used various methods of research adopted from behavioural sciences armoury including archival data utilisation (the sample consisted of the patients from 67 Primary Health Care Centres (PHCCs)) and structured questionnaires comprised of demographic information section, diabetes-related information section, and a list of misconceptions related to treatment of diabetes mellitus (DM). The results proved that higher educational level of the patient was associated with better knowledge regarding diabetes.
Besides, the importance of compliance to diet in addition to drugs to attain a good diabetic control was emphasised. Due to great socioeconomic changes the Saudis have been experiencing a great shift in their dietary habits in the last 20 years . Al-Khader reported that the energy intake had increased from 86 % of recommended daily allowances (RDA) in the 1960s to 140 % of RDA in the 1990s. The protein intake has increased from 91 % of recommended daily allowances (RDA) in the 1960s to 162 % of RDA in the 1990s. Women appear to be the most affected by the dietary changes.
The aforesaid facts are constantly revealed in various research and call for more attention to life stress in the aspects of diet, physical exercise, SES, etc. , to establish more direct correlations between stressors and the course of DM. The methods of research in regard to this task may be traditional: archival data utilisation, socioeconomic surveys, questionnaires and self-reports. Conclusion In the present paper an attempt was made to investigate the choice of research methods adopted from behavioural sciences in application to diabetes mellitus in Saudi Arabia.
This country experiences great economic and social changes. Altogether with genetic and ethnic issues these changes are likely to explain high disposition towards DM and associated diseases (hypertension, cardiovascular diseases, and obesity) among the Saudis. Several reports about the research conducted in KSA settings to investigate DM were taken from professional databases to search for specific methods within the paradigm of behavioural sciences. These methods appear to include evidence-based study of behaviour in work settings, archival data usage, structured interviews and surveys as well as self-reports.
The integration of the research methods adopted from behavioural sciences seems to enrich with new insights the integrative public health programmes designed to prevent and cure diabetes mellitus in Saudi Arabia. According to existing research socioeconomic and anthropological variables are taken into account altogether with medical parameters. References List 1. Macdonald G, Bunton, R. Health promotion: disciplinary developments. In: Bunton R, Macdonald G, editors. Health Promotion: Disciplines, Diversity, and Development. London: Routledge; 2002. p. 9-27. 2. Gellerman SW. Behavioural Science in Management.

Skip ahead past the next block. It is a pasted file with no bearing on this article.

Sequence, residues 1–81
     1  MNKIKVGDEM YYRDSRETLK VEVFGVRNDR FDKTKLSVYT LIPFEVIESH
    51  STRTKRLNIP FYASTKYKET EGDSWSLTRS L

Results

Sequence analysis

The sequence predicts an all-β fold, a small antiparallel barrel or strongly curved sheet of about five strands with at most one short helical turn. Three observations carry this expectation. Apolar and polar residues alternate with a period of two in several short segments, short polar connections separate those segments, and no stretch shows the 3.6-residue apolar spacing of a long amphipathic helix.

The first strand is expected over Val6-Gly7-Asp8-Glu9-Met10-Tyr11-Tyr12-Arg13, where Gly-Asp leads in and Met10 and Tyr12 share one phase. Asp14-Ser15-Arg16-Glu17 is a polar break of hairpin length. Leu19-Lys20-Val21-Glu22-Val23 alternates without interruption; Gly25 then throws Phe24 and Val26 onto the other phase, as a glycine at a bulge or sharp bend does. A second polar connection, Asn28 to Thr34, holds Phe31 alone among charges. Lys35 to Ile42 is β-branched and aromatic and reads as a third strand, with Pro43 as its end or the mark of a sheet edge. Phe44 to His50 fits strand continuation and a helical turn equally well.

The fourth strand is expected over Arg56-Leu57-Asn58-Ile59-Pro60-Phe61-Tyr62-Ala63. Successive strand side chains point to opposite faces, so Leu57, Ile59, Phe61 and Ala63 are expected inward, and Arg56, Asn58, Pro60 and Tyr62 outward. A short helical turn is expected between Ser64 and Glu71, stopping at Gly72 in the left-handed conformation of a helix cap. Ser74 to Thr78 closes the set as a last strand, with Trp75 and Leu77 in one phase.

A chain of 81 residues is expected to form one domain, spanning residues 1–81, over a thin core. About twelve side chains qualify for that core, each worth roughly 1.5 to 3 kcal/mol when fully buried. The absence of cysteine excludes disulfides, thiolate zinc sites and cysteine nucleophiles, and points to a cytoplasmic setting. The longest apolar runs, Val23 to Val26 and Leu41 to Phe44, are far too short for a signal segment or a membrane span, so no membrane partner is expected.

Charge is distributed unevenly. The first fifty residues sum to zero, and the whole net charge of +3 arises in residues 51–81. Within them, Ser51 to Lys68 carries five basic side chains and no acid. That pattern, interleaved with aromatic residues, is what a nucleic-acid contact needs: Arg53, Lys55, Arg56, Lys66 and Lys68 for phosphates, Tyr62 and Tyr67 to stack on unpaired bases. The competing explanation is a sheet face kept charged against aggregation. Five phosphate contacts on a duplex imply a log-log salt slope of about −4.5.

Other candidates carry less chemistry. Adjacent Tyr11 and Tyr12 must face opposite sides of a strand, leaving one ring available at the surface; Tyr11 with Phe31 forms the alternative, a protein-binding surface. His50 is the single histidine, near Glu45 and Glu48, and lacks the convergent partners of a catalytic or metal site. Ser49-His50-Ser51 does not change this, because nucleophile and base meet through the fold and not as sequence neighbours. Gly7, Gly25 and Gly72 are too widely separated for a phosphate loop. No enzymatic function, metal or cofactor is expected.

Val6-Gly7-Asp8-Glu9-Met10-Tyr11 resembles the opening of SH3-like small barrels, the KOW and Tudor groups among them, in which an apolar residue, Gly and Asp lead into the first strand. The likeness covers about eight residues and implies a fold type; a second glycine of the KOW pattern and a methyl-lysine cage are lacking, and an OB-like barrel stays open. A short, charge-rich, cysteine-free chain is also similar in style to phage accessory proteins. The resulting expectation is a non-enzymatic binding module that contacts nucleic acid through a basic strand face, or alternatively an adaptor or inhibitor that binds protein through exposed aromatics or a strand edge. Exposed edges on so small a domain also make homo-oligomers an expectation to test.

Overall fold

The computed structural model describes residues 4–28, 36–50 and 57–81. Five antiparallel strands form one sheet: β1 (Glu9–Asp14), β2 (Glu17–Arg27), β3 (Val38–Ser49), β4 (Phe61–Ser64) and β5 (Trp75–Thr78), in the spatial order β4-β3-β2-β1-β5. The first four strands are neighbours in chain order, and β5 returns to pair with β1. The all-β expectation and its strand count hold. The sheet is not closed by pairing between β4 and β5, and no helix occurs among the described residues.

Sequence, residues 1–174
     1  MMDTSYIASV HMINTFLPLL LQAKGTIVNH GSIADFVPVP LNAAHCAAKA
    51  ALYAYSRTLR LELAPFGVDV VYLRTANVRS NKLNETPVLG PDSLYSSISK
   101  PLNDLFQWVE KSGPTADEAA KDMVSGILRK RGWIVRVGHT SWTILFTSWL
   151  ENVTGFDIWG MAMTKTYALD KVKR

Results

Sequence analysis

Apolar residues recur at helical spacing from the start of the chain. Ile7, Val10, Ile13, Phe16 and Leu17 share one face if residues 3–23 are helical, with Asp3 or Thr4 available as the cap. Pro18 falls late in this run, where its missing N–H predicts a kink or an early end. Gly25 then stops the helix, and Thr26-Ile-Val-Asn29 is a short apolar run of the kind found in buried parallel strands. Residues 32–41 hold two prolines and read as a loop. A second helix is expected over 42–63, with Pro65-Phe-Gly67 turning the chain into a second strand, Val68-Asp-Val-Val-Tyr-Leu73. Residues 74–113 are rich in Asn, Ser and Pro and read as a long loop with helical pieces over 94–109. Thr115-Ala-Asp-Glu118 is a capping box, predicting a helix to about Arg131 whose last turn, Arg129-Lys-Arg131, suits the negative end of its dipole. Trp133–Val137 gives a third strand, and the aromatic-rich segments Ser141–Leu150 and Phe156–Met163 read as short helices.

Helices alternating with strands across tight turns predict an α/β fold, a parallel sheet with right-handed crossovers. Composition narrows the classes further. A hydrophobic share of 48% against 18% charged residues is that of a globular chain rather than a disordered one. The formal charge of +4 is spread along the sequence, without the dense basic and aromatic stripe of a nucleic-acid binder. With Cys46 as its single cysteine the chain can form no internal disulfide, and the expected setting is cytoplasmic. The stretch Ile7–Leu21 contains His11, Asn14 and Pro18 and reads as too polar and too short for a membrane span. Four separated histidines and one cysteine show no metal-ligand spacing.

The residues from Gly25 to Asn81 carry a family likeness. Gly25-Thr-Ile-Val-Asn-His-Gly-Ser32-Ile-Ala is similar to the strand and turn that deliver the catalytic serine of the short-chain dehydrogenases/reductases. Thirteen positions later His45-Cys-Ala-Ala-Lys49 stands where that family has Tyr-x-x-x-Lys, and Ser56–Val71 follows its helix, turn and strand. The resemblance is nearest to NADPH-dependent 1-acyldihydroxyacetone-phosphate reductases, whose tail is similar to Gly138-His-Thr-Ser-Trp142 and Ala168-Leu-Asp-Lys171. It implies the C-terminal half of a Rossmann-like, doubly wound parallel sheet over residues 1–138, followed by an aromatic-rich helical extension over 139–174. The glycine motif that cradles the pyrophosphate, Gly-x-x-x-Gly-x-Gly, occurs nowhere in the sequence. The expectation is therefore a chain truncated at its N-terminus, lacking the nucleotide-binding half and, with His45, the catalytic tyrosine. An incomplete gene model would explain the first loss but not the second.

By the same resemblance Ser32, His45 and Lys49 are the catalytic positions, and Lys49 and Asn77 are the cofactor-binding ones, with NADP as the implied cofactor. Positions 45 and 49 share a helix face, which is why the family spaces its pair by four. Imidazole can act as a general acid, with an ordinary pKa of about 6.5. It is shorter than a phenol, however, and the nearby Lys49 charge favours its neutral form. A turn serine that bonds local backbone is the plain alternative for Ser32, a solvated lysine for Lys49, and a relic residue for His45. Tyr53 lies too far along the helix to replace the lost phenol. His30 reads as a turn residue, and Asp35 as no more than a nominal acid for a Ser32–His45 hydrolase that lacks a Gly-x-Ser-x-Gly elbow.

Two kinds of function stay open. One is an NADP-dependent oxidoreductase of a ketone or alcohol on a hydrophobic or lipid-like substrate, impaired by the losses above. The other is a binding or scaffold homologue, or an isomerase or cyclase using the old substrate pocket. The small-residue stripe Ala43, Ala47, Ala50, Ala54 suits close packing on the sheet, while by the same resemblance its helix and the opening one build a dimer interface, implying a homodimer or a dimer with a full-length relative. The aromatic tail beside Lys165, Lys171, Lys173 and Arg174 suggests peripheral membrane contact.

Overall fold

Harmondsworth, England: Penguin Books; 1974. 3. McLaughlin E. Type 1 Diabetes Mellitus. 2002 Sept 12. Saudi Advisory Group Against Stroke (SAGAS) [homepage on the Internet]. Updated September 24, 2005 [cited 2006 Feb 13]. Group and Faculty Practice Physicians; [about 7 screens]. Available from: http://www. healthopedia. com/type-1-diabetes-mellitus/ 4. McLaughlin E. Type 2 Diabetes Mellitus. 2002 Sept 30. Saudi Advisory Group Against Stroke (SAGAS) [homepage on the Internet]. Updated September 24, 2005 [cited 2006 Feb 13]. Group and Faculty Practice Physicians; [about 7 screens].
Available from: http://www. healthopedia. com/type-2-diabetes-mellitus/ 5. Al-Nozha MM et al. Diabetes mellitus in Saudi Arabia. Saudi Medical Journal 2004; 25 (11): 1603-1610. 6. Al-Khader AA. Impact of diabetes in renal diseases in Saudi Arabia. Nephrol Dial Transplant 2001; 16: 2132-2135. 7. Khan LA. Insulin drip can be dangerous. Saudi Medical Journal 2001; 22 (1): 76. 8. Siddiqui S, Ogbeide DO, Karim A, Al-Khalifa I. Hypertension control in a community health centre at Riyadh, Saudi Arabia. Saudi Medical Journal 2001; 22 (1): 49-52 9. Brewer MB, Crano WD. Principles and Methods of Social Research. Mahwah, NJ: Lawrence Erlbaum Associates; 2002. 10. Seiffge-Krenke I.
Diabetic Adolescents and Their Families: Stress, Coping, and Adaptation. Cambridge, England: Cambridge University Press; 2001. 11. Dressler WW. Culture, Stress, and Disease. In: Johnson TM, Sargent CF, editors. Medical Anthropology: Contemporary Theory and Method. Westport, CT: Praeger Publishers; 1996. p. 252-272. 12. Zhang X, Norris SL, Gregg EW, Cheng YJ, Beckles G, Kahn HS. Depressive symptoms and mortality among persons with and without diabetes. American Journal of Epidemiology 2005; 161: 652-660. 13. El-Hazmi MAF, Warsy AS, Al-Swailem AR, Al-Swailem AM, Sulaimani R. Diabetes mellitus as a health problem in Saudi Arabia.
Saudi Advisory Group Against Stroke (SAGAS) [homepage on the Internet]. Updated February 18, 2006 [cited 2006 Feb 18]. Group and Faculty Practice Physicians; [about 12 screens]. Available from: http://www. sagas. org. sa/English%20Progress/Progress%20main. htm 14. Al-Saeedi M, Elzubier AG, Bahnassy AA, Al-Dawood KM. Treatment-related misconceptions among diabetic patients in Western Saudi Arabia. Saudi Medical Journal 2002; 23 (10): 1243-1246. 15. Brady SS, Matthews KA. The influence of socioeconomic status and ethnicity on adolescents’ exposure to stressful life events. Journal of Pediatric Psychology 2002; 27 (7): 575-583.